The Hawaiian humpback whale population, like many of our great whale populations, is a conservation success story. In the early seventies the numbers of whales visiting Hawaii each year was less than 500, placing them in imminent danger of extinction. However, today numbers are on the rise, due primarily to the outlawing of commercial whaling. It is estimated that 4 - 6,000 whales may visit Maui waters each winter, 10-12,000 may pass through Hawaii over the season and this represents some 60- 75% of the Central North Pacific stock. As these numbers suggest, humpback whales, once designated as endangered, are on the road to recovery and may soon be down-listed, becoming one of the very few species to actually make it successfully off the endangered species lists through resurgence, not extinction.
The survival and recruitment of each new generation is essential to this recovery. Current research data suggests that at least 1 in 5 humpback whale calves do not survive the natal migration from low latitude wintering grounds, such as Hawaii, to the high latitude regions, where food awaits, and our research clearly indicates that the development of calves on the nursery grounds is all about preparing for this perilous journey. Follow these links for more on Hawaii’s calf population and the results of our research, chronicling the changes in behavior and development of calves in nursery waters.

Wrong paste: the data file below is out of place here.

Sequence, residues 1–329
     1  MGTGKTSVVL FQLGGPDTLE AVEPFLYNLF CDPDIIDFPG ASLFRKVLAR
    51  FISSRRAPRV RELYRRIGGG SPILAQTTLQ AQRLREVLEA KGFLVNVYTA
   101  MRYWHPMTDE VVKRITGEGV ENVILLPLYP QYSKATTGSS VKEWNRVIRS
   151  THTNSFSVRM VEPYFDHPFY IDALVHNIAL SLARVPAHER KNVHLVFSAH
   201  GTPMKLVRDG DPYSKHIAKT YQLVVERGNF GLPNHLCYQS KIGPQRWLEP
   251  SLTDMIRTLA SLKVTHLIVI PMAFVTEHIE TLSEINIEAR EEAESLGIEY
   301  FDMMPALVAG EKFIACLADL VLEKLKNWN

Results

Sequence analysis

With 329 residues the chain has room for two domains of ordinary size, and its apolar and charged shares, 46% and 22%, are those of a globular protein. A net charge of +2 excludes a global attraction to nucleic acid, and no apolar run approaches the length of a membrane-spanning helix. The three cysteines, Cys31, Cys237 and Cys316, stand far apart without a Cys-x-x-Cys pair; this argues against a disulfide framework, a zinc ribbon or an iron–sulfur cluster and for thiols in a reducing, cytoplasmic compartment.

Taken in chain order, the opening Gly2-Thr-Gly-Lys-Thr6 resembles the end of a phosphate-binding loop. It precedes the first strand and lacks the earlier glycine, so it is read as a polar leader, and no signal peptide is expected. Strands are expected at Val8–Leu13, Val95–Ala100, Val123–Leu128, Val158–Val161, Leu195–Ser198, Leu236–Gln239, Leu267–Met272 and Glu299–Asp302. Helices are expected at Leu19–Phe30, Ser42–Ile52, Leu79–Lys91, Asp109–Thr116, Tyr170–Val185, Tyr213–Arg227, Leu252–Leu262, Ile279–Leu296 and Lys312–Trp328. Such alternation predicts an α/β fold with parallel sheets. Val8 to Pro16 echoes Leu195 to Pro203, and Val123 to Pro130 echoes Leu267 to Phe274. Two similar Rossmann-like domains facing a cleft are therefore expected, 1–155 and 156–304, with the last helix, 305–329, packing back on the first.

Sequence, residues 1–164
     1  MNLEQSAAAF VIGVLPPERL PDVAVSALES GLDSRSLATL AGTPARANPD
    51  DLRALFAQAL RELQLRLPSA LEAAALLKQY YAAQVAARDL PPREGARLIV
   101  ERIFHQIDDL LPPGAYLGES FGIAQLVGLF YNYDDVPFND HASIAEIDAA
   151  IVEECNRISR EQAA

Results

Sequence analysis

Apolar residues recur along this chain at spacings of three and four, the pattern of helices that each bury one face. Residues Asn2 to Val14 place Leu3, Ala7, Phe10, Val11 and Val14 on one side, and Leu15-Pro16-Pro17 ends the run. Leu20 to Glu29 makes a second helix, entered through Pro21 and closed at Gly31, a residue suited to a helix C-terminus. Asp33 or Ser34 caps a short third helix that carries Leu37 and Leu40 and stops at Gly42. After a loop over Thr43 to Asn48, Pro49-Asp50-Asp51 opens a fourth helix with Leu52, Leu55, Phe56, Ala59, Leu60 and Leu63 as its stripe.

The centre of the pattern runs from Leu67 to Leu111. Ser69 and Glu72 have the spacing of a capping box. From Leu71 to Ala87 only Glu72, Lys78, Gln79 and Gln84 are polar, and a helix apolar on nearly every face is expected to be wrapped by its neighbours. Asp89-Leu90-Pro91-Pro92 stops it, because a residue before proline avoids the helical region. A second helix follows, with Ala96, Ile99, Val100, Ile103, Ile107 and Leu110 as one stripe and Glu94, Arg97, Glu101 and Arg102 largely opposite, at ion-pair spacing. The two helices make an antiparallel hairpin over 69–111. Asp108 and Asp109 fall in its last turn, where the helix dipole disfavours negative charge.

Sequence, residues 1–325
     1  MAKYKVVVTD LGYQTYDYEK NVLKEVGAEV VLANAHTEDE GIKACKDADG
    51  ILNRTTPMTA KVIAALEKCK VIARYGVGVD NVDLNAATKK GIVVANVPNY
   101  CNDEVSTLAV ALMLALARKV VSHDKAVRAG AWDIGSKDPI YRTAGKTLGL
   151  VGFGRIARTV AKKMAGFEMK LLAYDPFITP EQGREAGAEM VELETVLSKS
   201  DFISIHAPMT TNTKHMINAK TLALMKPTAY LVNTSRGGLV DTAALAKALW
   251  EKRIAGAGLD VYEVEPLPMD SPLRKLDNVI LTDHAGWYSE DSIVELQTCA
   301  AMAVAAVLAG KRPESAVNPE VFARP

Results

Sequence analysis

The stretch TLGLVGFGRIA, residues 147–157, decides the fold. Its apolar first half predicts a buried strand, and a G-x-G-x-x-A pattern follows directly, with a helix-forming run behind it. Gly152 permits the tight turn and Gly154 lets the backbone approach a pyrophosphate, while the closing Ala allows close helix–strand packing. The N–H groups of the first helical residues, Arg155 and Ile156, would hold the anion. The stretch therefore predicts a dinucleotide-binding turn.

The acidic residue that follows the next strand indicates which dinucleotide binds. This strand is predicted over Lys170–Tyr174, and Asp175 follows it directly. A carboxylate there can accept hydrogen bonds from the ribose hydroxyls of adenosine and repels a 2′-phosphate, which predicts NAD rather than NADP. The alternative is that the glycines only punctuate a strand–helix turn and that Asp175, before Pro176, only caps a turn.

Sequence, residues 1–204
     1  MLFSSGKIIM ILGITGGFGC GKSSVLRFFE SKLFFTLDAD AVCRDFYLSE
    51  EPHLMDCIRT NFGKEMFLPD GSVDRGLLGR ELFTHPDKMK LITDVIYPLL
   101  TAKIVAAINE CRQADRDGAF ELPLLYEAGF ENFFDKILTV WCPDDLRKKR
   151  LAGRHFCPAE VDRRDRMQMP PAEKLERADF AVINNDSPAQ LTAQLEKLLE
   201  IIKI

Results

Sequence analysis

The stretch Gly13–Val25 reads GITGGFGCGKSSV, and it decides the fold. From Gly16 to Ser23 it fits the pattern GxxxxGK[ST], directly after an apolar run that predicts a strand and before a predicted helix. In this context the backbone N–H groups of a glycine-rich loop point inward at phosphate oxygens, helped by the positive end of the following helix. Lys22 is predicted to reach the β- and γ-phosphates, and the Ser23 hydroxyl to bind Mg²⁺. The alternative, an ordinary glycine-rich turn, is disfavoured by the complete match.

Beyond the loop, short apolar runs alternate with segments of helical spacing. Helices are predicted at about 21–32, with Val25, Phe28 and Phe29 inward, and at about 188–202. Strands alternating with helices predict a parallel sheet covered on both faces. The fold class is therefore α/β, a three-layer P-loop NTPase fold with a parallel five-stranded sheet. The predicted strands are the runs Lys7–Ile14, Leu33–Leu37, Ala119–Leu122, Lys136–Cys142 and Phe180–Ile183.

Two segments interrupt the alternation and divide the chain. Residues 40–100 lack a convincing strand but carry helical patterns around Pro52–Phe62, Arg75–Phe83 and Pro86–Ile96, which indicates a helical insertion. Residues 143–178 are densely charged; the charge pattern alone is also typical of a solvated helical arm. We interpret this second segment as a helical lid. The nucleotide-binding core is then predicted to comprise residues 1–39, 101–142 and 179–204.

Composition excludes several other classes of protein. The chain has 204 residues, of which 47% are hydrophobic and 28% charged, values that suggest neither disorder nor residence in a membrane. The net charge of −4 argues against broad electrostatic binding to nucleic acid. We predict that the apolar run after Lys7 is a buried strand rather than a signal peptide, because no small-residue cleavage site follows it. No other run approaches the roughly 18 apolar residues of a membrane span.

Once they arrive on the feeding grounds new challenges await the young calves. Predation by killer whales may be an issue, and for the new calf learning to feed is the next developmental step. Humpback whales feed primarily on krill, and also on small schooling fish; calves must learn to make extended dives and use complex methods to coral and capture food. Luckily for the calves, most mothers will generally continue to nurse through their first feeding season, as they develop these skills. Once full size, as adults they will need to take over 1000lbs of food per day, they store the excess energy in blubber and use this as their food supply each during their winter migrations. In years to come climate change could well impact the availability of food and even today, pressures of existing fish stocks are mounting. Development of proficient diving and fishing skills is key to the survival and the successful recruitment of these young calves into the adult breeding population.